Hiking/Backpacking "X" Factor
The theme that runs through all of my pod casts is light weight hiking. Several of my friends have tried hiking/backpacking with little success. I will tell you more about how one of these hikes turned out later. I developed a way I evaluate a friends ability to successfully complete a hike before we ever consider hiking. This means of evaluation was developed solely on the observation of hikers by me during my 20+ years of trail hiking. The process is not based on any medical research and I used it only as an estimate of ones possible ability to complete one of my hikes. I excluded friends with medical conditions (example: high blood pressure, heart condition, etc,). I made sure that they had had a physical exam by a doctor and was determined in good enough condition to hike safely. The "X" Factor is a number that indicates how much more effort a hiker "friend" may have to expend to hike the same distance as an average hiker. I have taken into consideration the weight of the pack, the weight of the person, age and physical condition. A person who is 40 years of age, in good physical condition, at their optimum body weight carrying a 30 pounds pack should be able to complete a 10 to 25 mile hike in one day without much effort. No effort was given to distance or speed of the hiker in this evaluation.
The object of the evaluation is to add all "X" Factor points together while trying to get as close to zero as you possibly can. A hiker friend who scores a total of zero should be able to complete one of my distance hikes.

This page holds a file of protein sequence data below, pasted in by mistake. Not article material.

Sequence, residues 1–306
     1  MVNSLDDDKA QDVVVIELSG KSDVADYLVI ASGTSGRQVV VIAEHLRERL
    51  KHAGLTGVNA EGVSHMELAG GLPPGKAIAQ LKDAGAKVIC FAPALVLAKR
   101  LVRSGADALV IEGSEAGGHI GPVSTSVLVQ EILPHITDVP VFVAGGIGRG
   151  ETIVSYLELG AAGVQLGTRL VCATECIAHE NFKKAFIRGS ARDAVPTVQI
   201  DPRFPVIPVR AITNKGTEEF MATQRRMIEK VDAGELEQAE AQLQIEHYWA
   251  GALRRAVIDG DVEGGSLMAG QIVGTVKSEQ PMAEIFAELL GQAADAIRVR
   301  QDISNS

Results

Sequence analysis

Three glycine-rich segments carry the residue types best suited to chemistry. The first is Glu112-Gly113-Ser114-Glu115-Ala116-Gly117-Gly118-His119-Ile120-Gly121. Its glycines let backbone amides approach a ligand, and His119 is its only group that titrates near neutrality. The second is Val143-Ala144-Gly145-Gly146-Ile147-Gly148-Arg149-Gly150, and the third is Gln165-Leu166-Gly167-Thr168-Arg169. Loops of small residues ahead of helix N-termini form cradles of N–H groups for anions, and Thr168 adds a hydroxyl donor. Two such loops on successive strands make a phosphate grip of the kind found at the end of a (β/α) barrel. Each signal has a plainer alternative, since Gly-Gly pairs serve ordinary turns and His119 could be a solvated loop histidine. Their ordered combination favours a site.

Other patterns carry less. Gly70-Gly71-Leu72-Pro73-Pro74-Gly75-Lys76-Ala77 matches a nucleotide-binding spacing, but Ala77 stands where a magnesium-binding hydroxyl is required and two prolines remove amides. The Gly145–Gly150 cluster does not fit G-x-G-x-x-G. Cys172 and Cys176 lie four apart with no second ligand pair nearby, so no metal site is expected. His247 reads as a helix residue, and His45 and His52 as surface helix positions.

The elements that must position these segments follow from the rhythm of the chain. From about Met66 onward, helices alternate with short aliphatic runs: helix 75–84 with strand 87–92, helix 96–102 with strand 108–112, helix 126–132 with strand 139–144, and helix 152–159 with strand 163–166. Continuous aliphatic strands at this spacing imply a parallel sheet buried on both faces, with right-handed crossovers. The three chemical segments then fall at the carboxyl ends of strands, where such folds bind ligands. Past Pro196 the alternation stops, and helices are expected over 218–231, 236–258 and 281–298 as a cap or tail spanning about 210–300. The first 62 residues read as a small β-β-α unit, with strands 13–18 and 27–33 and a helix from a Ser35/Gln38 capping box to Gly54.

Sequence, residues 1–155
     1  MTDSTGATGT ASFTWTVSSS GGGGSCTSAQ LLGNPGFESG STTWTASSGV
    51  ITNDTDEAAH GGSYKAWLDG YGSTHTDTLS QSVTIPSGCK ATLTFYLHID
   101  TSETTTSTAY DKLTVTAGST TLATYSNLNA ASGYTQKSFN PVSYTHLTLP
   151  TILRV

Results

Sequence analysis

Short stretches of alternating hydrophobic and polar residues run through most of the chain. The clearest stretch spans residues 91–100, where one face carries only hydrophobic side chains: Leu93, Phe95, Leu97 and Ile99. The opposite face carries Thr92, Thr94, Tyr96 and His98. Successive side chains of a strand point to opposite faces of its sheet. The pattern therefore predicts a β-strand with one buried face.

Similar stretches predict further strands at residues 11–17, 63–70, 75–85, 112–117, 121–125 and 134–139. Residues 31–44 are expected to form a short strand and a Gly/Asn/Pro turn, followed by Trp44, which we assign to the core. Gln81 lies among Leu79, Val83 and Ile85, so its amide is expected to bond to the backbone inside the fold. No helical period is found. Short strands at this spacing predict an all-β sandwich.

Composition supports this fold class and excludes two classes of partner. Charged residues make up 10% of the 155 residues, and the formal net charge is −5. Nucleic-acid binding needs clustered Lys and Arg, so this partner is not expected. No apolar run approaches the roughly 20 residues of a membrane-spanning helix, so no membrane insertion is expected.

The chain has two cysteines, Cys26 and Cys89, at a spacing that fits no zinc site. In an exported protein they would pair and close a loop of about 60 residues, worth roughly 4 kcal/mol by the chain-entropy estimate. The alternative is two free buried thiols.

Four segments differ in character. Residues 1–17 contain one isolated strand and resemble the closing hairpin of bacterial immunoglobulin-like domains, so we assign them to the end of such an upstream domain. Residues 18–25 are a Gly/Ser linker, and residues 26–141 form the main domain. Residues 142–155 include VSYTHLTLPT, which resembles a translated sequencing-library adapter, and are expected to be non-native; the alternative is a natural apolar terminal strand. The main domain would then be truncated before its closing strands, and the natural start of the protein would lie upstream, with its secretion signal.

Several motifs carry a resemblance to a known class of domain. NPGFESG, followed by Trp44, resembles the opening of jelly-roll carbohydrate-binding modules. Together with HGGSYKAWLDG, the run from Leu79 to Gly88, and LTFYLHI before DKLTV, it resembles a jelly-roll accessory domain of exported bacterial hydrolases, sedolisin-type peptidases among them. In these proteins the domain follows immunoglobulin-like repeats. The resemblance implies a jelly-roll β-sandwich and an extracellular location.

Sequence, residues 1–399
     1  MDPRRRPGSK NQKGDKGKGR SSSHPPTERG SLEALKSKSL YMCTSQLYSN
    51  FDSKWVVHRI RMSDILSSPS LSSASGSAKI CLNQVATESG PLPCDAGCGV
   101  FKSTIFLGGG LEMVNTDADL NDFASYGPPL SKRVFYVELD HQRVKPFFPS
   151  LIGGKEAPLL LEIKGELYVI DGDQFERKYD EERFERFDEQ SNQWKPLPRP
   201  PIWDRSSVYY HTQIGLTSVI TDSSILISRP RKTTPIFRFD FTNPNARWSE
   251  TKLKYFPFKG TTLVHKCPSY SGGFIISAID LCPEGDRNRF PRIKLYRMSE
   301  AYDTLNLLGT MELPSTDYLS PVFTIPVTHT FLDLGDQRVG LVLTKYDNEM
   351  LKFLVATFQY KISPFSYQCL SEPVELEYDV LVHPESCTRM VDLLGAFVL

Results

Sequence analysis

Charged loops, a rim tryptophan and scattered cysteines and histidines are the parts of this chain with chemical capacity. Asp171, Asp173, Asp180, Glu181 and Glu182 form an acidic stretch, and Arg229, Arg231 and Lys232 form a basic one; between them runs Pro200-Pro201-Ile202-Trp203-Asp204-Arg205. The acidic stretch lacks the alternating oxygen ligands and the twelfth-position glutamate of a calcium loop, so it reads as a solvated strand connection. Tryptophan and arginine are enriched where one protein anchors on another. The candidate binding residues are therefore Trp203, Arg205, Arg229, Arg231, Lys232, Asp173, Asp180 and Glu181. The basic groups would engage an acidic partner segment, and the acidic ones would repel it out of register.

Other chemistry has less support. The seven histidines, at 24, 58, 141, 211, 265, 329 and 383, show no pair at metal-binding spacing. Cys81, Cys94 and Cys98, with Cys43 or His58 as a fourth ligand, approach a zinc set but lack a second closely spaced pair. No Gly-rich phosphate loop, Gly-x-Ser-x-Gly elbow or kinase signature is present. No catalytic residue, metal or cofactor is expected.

10 20 30 40 50 60 70 80 Years
-3 -2 -1 0 +1 +2 +3 +4 Points
Excellent Good Fair Poor Condition
-1 0 +1 +2 Points
Pack Weight in Pounds
10 20 30 40 50 Pounds
-2 -1 0 +1 +2 Points
Hikers Weight in Pounds Over/under Optimum Weight
-10 -5 0 +5 +10 +20 Pounds
-2 -1 0 +1 +2 +3 Points
A hiker who is 30 years old in good condition carrying a 40 pound pack and is 10 pounds over weight would have an "X" Factor of +2. This means this hiker would have to exert twice the effort to complete a 25 mile hike in one day.
My Experience Before I Developed the "X" Factor evaluation
I have a friend I asked to go on a hike with me. He assured me that he was in good enough condition to hike and that he had just retired from the military and was used to taking 10 mile hikes with a full pack. I planned a 3 day 2 night 30 mile hike. He was 55 years old in fair physical condition about 10 pounds over weight and carried a 50 pound pack. We hiked 9 miles the first day and he was too tired to finish the second days hike. The hike was too strenuous for him to complete.
If I had evaluated him using the "X" Factor method I would not had asked him to go on the hike. His fair physical condition scored him a +1, 55 years old scored a +1, 50 pound pack a +2 and being over weight by 10 pounds a +2. His overall score was a +6. That meant he would have to exert an effort of 5 times greater than an average hiker. In order for him to exert the same effort as an average hiker he would have to lose 10 pounds of body weight, drop 30 pounds pack weight and get in good shape before taking another hike. He never hiked again!
For an older person the weight of the pack is one of the most critical factors that a hiker can change. You can without too much effort reduce your base pack weight by at least 30 pounds and you will use less effort to complete a distance hike. That is why it is so important to go ultra light.
The above evaluation was used by me to help determine the amount of effort my friends would have to expend while hiking with me on a backpacking trip. It is not meant to be used by anyone else but only as information on how I evaluated hiker friends.
Psalm 61:2 - From the ends of the earth I call to you, I call as my heart grows faint; lead me to the rock that is higher than I.